Martial Arts training as a form of gratitude practice.

Now Is That Gratitude?

It’s the season to be grateful. Gratitude practices are all the rage these days. You know, reflect back on the year and be thankful for life’s many blessings.

If you do a search for “gratitude practices” you’ll come across numbered lists which include things like, “keep a gratitude journal,” “tell some one you love them,” and even “spend more time in nature.” Although I don’t object to any of those things, I think they miss the mark when it comes to developing a deep sense of appreciation. To be honest, this kind of thinking never really made much sense to me.

Are we grateful because fortune has smiled upon us? Are the good things in life forerunners to our state of happiness and gratitude? What happens when life gets difficult? Does our gratitude evaporate because things don’t go our way?

I think it’s the other way around. Showing gratitude can lead to a life filled with joy and meaning.

So this holiday season, here’s an alternative. Martial arts training is a form of gratitude practice. Yes, that’s right. Go workout and maybe even do it with some friends. You’ll become a more grateful person in the process.

Let me explain.

Goal achieving, which is a major component to a well designed martial arts program, has been proven to raise dopamine levels in the brain. Among many other things, dopamine helps us to stay focused and motivated. But perhaps more importantly, elevated levels of dopamine have been shown to improve mood and an overall sense of well being. Read an article here about how working towards goals boosts dopamine levels.

Group training, which is another major component of the modern martial arts school, leads to higher levels of bonding among its members. This is because group training increases blood levels of the neuropeptide oxytocin. Sometimes nicknamed the “bonding hormone,” oxytocin facilitates the ability to read other people’s emotions and deepens bonds between group members. What’s key to note is that elevated oxytocin levels are the result of group training rather than a precursor. Learn about how group workouts lead to higher levels of oxytocin here.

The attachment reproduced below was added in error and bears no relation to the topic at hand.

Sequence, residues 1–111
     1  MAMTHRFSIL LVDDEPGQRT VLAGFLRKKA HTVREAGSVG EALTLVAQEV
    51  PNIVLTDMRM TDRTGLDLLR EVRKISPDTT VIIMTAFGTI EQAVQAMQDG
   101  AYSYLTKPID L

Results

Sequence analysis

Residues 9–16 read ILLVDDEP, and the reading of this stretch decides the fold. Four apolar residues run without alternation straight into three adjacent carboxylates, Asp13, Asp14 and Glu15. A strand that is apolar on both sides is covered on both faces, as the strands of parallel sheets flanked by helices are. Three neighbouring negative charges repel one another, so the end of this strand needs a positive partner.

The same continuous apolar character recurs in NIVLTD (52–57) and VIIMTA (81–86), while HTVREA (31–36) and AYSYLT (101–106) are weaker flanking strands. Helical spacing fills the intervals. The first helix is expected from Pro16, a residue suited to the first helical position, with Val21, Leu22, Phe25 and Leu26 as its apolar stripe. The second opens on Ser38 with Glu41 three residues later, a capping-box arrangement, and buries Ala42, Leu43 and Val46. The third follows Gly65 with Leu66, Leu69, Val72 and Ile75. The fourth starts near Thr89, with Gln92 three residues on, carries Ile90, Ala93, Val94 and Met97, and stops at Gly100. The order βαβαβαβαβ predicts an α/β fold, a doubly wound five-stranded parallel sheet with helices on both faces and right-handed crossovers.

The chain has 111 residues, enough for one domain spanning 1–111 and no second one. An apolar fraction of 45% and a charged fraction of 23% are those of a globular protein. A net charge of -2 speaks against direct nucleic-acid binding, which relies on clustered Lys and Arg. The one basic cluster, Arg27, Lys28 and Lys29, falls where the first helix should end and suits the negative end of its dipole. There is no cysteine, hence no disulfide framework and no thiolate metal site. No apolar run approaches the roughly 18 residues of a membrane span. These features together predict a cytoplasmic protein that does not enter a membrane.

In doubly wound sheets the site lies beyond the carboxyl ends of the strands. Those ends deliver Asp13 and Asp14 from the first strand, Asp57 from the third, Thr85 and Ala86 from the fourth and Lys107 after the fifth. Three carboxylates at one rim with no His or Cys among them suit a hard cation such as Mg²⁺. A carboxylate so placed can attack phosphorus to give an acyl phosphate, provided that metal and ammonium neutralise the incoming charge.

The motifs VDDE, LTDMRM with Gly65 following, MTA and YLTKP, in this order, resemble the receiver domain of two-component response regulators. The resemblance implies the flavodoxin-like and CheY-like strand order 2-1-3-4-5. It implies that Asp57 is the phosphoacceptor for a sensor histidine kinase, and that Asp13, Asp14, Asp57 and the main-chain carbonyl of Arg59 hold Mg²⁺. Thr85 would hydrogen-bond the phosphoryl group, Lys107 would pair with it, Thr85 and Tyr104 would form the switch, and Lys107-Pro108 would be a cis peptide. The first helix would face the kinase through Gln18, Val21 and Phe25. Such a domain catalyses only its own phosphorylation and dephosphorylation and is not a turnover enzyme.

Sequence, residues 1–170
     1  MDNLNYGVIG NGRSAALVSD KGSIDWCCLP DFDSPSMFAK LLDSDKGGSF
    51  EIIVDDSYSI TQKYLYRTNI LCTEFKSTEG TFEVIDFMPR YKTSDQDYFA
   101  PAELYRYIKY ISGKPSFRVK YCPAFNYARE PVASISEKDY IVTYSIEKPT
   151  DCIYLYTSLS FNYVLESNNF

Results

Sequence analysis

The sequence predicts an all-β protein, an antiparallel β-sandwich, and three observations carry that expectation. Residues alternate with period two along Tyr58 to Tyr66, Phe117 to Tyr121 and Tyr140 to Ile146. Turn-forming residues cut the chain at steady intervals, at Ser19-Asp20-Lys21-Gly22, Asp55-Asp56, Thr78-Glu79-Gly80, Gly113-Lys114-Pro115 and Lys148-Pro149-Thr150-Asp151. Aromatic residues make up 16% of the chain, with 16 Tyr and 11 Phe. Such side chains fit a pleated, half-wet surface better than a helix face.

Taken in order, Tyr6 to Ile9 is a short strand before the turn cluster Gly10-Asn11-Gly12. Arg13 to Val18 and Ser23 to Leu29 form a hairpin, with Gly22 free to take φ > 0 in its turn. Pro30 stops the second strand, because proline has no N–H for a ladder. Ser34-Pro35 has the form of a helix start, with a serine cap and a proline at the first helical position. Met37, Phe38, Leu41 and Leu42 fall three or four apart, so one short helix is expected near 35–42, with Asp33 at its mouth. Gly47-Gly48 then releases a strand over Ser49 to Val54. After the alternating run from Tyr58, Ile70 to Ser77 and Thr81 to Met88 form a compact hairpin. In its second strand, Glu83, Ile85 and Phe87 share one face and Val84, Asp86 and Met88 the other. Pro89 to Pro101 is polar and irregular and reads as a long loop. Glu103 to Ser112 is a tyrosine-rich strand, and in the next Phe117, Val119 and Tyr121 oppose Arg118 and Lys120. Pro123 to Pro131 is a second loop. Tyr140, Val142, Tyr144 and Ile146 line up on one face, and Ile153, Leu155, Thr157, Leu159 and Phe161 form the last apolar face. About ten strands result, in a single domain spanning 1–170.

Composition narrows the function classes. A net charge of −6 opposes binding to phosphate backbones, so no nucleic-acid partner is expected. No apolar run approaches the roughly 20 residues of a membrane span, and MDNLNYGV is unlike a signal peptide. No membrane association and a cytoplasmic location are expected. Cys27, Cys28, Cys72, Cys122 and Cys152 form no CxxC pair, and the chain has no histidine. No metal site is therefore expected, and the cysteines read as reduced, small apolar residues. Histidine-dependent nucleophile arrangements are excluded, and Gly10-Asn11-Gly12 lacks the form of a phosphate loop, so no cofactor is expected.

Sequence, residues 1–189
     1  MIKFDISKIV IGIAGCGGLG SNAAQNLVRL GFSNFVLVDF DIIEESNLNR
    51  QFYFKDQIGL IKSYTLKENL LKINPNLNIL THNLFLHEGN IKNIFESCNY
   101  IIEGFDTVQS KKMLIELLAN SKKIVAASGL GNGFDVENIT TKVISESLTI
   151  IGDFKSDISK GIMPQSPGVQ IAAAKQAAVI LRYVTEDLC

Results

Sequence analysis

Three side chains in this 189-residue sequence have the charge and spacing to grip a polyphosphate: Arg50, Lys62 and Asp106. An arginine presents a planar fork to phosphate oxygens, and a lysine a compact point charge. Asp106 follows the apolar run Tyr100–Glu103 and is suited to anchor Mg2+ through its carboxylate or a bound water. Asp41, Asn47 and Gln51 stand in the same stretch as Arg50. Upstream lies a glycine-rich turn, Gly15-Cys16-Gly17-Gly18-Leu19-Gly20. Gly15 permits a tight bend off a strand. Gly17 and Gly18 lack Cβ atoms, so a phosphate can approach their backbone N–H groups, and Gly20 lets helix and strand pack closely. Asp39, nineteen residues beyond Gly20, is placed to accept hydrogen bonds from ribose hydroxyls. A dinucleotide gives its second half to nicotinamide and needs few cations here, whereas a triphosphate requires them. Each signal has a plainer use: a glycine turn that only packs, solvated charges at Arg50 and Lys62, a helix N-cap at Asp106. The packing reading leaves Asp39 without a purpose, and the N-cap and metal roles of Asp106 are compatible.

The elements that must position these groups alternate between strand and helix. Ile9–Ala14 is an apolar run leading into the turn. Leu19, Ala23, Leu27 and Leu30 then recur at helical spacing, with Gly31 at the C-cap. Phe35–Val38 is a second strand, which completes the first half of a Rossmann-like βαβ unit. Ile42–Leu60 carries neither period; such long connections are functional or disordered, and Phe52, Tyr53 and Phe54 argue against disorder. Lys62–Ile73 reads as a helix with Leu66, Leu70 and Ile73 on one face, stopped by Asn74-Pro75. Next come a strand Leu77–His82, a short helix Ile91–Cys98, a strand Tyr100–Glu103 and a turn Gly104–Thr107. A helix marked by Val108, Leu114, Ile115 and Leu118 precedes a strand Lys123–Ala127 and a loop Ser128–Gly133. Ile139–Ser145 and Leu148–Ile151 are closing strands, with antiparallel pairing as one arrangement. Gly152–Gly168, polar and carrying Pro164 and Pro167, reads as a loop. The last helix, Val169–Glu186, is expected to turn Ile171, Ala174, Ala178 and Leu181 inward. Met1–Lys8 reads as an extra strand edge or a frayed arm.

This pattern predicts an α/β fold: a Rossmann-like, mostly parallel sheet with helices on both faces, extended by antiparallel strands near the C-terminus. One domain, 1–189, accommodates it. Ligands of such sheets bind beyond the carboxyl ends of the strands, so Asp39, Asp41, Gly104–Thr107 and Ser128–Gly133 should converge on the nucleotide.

Oxytocin is also the hormone which is responsible for the ability to empathize with others. When we share time with people who we trust, the result is higher levels of empathy. Past research suggests that gratitude and empathy are correlated.

The one-on-one mentoring process at our school builds empathy. It is perhaps the best tool that I know of that helps us to understand and share the feelings of others. From personal experience, I feel a strong sense of connection with my teacher, Tai-Sigung, with my training partner of nearly 20 years, Quinn Early, and with my many students. I’m also very grateful for the many things that they have all taught me. Read about the relationship between empathy, compassion, and gratitude here.

There’s also a growing body of evidence demonstrating that having an “attitude of gratitude” leads to higher levels of performance. Practicing gratitude facilitates resilience which can help you overcome obstacles and setbacks, which are an inevitable part of martial arts training. Find out more about the “Gratitude Effect” here.

So there you go. Those are a just a few ways in which martial arts training can lead to increased levels of well being, connectedness, and gratitude.

As always, I hope that martial arts training will give you the tools necessary for a more healthy and vibrant life.


P.S. Happy Thanksgiving to all of you. We’re very grateful for your continued support. Now is that gratitude?

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